When picking a coach, three things must be 100% clear. His first responsibility is to install the right system to maximize the talent and develop this identity (or re-develop it, as the case may be). Second, he must hold every player on the roster accountable to the team identity, and he has to weed out the guys who simply cannot play this way. Third, he has to have the job security and backing of the franchise in knowing that a championship is not expected in the first season, but improvement is expected every year. Not only improvement in the team's record, but improvement in terms of player development. Whoever the first round draft pick is, he's going to be playing a significant role on the team. There will be no sacrificing the long term for short term gains. The franchise's goals will flow from top to bottom, from owner to GM, to coach, to the players. Expectations must be reasonable, but results must be tangible.Summary
2,500 words later I'll get right down to it.
Another 27-win season, or worse, is not what this team needs. From this point moving forward they need to improve with every game they play, with every move they make, with every draft pick they make. They need to choose their direction, always keep that direction in mind and continually build upon the talent base to realize their goal. I 100% agree there is no quick fix to bring a championship to Philadelphia, but that doesn't mean a slow fix will not get the job done. Bring in a smart coach, manage the fans' expectations, give him a firm direction, goals to meet and enough time/leeway to succeed.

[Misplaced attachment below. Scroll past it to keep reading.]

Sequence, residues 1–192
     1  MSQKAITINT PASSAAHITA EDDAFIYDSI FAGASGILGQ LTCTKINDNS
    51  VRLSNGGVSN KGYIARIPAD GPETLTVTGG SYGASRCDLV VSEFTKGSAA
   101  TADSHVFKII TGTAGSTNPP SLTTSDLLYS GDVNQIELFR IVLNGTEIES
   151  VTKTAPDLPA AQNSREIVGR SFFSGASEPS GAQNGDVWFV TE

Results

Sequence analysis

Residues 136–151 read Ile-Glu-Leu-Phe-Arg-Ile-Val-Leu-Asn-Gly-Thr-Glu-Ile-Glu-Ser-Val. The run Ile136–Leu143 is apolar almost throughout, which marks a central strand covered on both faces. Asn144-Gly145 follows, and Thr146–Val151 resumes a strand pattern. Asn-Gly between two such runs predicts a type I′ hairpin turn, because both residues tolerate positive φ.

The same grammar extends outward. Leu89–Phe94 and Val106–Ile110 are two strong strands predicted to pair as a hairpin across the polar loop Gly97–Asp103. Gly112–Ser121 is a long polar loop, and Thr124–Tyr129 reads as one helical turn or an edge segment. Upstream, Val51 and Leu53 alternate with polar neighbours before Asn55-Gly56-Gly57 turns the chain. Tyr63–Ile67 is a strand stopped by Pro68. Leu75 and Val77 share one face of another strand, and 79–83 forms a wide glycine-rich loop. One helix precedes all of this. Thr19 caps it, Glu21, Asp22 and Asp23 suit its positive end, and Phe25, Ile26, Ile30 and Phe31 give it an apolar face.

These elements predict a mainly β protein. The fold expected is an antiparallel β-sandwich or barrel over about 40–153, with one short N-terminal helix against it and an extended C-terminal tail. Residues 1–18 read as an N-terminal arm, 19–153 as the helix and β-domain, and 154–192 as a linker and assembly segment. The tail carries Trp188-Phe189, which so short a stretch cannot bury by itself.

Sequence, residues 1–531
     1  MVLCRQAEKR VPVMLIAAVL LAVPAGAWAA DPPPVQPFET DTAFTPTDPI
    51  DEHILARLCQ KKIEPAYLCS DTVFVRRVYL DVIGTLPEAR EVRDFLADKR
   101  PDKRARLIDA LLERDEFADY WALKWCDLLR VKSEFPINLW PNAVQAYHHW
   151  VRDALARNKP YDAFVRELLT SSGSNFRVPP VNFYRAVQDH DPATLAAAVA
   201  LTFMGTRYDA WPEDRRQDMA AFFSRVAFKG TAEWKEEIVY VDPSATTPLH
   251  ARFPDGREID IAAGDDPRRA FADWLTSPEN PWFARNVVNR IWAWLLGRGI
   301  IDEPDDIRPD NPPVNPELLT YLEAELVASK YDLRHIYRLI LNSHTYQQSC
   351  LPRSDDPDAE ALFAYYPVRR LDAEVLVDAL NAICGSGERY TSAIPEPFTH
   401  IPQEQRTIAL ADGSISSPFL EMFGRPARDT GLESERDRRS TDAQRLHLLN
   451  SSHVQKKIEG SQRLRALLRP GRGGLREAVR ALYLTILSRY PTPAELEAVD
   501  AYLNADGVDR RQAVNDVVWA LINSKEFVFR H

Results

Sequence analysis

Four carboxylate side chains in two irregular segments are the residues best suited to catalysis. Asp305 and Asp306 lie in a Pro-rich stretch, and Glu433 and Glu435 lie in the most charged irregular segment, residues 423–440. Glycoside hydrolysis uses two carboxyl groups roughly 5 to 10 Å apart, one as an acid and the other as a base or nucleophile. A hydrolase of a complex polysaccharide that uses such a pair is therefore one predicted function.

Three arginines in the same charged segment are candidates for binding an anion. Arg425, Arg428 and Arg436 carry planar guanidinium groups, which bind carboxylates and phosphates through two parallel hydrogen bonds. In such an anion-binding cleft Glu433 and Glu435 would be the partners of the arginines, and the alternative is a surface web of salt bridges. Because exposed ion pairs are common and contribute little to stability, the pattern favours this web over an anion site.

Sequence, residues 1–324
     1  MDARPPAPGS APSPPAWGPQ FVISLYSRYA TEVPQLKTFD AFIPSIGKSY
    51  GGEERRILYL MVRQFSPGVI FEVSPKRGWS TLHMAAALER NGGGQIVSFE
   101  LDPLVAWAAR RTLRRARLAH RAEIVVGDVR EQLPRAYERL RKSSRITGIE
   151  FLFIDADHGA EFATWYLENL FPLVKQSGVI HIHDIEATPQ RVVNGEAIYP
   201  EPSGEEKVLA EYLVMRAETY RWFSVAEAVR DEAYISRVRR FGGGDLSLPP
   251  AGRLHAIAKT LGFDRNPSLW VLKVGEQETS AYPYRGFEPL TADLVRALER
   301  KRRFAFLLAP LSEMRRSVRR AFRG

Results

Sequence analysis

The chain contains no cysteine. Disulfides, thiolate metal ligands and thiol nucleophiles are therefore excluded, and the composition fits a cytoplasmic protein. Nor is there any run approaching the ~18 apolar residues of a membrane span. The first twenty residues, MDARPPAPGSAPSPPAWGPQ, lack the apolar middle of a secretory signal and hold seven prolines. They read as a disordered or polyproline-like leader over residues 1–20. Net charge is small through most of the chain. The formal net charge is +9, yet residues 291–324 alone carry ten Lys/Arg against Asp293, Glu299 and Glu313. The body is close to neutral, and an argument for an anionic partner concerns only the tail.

My hope is that this time next year, when I sit down to write my "State of the Sixers" post after the season we'll have at least one more player in the "Cornerstones" section, a few "Possible Contributors" will be solid contributors and there will be no "Garbage" left.
Sometimes in the NBA you do need to get worse to get better, I don't disagree with that. I simply believe we got worse in 2009-2010 and now it's time to start digging our way out. We don't need to go further down into the abyss.